“Knitting is no longer the pastime of an older generation, it is increasingly appealing to a younger demographic who are engaging with the idea of expressing themselves through knitting as a creative art. The advance of the internet and social media has also been key to the emergence of new close-knit communities.”
via BBC News – Knitting event explores history.
I’ve often wondered what happened in the past ten years or so. When I learned to knit in my teens, knitting was definitely not an “in” thing to do. It decidedly had a unhip flavor to it, it had the reputation of being something that grandmas did when they were overly thrifty or there was nothing good on TV. In fact, I learned first crochet, then knitting from my grandmother. As a child I often spent weeks at her place during the summer, and weekends during the school year as well. They were glorious days. We tended the garden, cooked the vegetables we’ve grown, took naps under the willow tree, I spent entire afternoons climbing the walnut tree and sitting between the branches reading a book, and in the evenings we searched the sky for star constellations and listened to my grandfather tell the stories myths about them. We had plenty of the most precious thing, time.
And there was plenty of time to craft. At the time I thought my grandmother is being thrifty, crafting beautiful sweaters out of cheap yarn, pretty garments that we could not afford. Now I understand the satisfaction and enjoyment she got out of working with her hands, and letting beautiful objects out from under her hands. Unlike housework or fieldwork, it was work whose fruits lasted for years, and often generations.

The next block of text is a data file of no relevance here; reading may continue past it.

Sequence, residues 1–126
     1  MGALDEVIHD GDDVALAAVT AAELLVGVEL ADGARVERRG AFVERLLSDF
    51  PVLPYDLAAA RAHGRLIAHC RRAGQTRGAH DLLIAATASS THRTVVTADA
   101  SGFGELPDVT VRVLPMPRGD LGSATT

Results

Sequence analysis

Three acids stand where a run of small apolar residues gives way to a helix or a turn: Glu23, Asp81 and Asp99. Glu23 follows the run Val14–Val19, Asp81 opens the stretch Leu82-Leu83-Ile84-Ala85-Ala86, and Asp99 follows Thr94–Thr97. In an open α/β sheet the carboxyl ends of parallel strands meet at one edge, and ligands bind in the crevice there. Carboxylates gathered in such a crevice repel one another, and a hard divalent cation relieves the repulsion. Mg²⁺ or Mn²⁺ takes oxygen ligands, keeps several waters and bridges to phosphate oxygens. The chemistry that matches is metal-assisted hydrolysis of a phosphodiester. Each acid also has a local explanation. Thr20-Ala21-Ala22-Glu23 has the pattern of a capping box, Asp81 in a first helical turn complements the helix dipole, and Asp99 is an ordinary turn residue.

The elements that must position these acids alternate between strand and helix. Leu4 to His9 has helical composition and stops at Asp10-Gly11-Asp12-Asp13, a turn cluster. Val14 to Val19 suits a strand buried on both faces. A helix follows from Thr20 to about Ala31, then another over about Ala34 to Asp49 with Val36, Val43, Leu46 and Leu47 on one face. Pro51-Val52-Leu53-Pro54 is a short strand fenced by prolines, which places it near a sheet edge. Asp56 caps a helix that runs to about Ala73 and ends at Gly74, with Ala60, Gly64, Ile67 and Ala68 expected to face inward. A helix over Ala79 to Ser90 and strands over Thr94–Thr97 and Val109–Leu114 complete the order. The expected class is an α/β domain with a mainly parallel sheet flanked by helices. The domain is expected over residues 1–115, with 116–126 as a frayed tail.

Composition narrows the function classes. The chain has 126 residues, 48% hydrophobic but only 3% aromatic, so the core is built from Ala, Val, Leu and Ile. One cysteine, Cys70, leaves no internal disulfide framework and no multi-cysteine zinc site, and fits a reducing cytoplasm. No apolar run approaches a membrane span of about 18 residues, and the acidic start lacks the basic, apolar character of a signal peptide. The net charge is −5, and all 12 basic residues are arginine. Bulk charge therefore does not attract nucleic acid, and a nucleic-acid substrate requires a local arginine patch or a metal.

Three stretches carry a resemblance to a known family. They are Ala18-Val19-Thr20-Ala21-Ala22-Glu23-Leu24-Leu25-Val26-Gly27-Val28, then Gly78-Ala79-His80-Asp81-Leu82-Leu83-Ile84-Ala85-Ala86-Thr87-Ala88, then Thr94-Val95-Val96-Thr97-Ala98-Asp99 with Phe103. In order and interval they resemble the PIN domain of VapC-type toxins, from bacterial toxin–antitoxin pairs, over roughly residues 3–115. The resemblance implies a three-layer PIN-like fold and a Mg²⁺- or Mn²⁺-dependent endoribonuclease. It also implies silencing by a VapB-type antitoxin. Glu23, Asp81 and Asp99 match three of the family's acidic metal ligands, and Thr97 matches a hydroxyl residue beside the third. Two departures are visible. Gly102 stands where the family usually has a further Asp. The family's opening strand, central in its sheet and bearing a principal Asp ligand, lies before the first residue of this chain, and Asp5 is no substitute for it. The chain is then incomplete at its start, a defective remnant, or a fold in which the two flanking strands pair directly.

But none of my friends did anything of the sort. When anyone of my age heard that I knit or embroidered, their reactions ranged from fascination, intrigue, bewilderment, or downright mockery. It wasn’t a social thing, and I saved my crafting for the hours when I was alone anyway.
So what happened? Knitting is now hip. I see the university campus yarnbombed time and again. The other day I saw two women in their twenties sitting in the museum cafe, a popular hangout for the intellectually-minded grad students and young professionals here, chatting over their lattes and needles clicking. Is it something as simple as the appearance of ravelryand etsy? Or is something going on, a broader social phenomenon, that makes making things with your hands cool?
UPDATE: Exchanging Fire’s addition to the image of the modern knitter – on the move, loves wearing and displaying her creations, loves gifting, works as much with her brain as with her hands as she modifies and customizes designs, cool enough to pull off tattoos and polka dots!
I crochet, but finally decided to take the leap and learn how to knit! I blame it on a knitting pattern book I was flipping through.
When I started, I thought crochet was waaaay easier to learn. Only one needle to manipulate and no way to drop stitches or lose a loop from the needle. I was perfectly content not knitting until I saw how fast my grandmother was knitting and she told me that knitting is generally faster. I wanted to make blankets and sweaters, now, not in months! And I got hooked. (pun intended – even though there is no hook involved in knitting).
Reblogged this on Hannah Rose.
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